Need someone to translate German in Australia? Petra Junge is a German<> English freelance translator in Adelaide, Australia. She runs her own translation agency, Translation Works, and specialises in translating business communications, e-commerce & IT texts.
(Interview Part 1) / Part 2...
Do you feel that most translators would do best to have a solid background in another professional field before deciding to translate German?
Not necessarily, although it is definitely helpful, especially when it comes to choosing your area of specialization.
A fantastic new translator’s blog, which I came across
recently, brought up the thought that “a translator is a lot more like a
musician […]. A piece may be well played without a conservatory education, and
a story may be well written without a formal degree […].”
This does not directly refer to your question, but I find it quite interesting to consider the ability to translate not only as a skill but also as a talent.
CAT tools are increasingly becoming the standard for anyone wishing to translate German. You use Trados Studio, probably the industry’s leading CAT tool. Would you recommend it, or are there other, equally good alternatives? Does it really make a noticeable different in your output as you translate German?
I would definitely recommend the use of a CAT tool to any translator.
Given the fact that some agencies only accept translators into their pool who use CAT tools, it will potentially get you more jobs.
Moreover, using a CAT tool, i.e. translation memories, will not only make you look more professional, but it can also save you so much time - and you don’t need to bother with formatting anymore, either. I recently switched to MemoQ , but am currently using Trados and MemoQ in parallel to translate German.
Although those tools are very similar, I prefer MemoQ, because I personally find it more user-friendly and their support service is just excellent. However, it is certainly a question of personal preference. Other translators prefer completely different tools, which undoubtedly achieve the same purpose.
Do you find CAT tools are particularly useful for your specialist areas of translation?
I do. Although someone once said to me that it would not be suitable for personal documents, I don’t particularly think so.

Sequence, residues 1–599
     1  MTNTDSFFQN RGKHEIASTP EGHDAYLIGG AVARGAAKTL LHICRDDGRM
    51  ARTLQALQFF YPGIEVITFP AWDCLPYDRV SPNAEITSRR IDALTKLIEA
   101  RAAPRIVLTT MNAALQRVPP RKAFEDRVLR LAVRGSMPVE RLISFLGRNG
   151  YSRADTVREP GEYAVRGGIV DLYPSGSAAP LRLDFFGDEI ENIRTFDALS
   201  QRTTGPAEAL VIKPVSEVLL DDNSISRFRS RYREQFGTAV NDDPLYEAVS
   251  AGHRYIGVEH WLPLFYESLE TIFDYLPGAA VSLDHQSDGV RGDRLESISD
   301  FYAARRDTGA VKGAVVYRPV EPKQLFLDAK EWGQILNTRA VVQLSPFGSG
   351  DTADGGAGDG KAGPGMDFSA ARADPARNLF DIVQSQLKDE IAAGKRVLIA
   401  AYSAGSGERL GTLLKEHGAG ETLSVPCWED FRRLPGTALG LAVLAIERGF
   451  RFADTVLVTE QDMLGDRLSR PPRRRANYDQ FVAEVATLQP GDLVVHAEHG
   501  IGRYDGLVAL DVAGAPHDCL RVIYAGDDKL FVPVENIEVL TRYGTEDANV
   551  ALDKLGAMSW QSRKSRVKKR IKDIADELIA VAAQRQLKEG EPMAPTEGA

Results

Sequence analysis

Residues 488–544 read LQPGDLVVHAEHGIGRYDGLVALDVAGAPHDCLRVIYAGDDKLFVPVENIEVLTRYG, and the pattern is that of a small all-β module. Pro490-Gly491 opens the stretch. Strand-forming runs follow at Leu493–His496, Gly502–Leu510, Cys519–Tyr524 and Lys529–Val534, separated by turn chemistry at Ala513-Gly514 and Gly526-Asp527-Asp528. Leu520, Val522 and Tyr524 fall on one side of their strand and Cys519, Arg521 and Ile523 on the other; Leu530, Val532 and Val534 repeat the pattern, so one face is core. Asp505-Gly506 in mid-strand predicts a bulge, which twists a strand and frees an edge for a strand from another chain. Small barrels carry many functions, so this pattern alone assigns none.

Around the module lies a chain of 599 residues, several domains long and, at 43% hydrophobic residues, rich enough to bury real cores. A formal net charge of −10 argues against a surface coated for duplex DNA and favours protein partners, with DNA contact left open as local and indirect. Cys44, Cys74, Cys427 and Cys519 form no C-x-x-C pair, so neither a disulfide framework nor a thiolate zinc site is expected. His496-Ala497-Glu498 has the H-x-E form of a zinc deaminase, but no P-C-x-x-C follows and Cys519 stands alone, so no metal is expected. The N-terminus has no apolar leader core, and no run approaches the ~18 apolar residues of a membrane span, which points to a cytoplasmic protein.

When I translate German employment references, for example, they constantly use the same recurring standard expressions. For some sentences I often only have to replace the name!
The same goes for business or employment contracts. They often have a similar structure and some standard clauses that only require a bit of tweaking.
You’re a member of the translation community ProZ and a member of their Certified PRO network. Do you find ProZ a good source of German translation jobs, or do you use it primarily for networking?
I got my very first translation job as a freelancer through Proz.com. It is a very valuable website, and it has been an integral part in my development as a translator, thus I can only recommend it to anyone who is starting out in this industry.
I found the site to be a great stepping stone and marketing tool that gets you fantastic exposure.
I believe contacts between translators and clients through Proz.com originate from direct contact via the translator’s profile and not via the actual job search board, where sometimes jobs at ridiculously low prices from dubious agencies are posted.
It is a great site to get started, gain and overview of how this business works, learn and pick up your first jobs.
Apart from that, the BlueBoard is a very valuable tool when it comes to finding out about an agency’s reputation and paying practices. On the other hand you can collect some positive feedback from clients you worked with under the WWA (willingness to work again) section in your profile, which will make you more credible and “attractive” to potential new clients.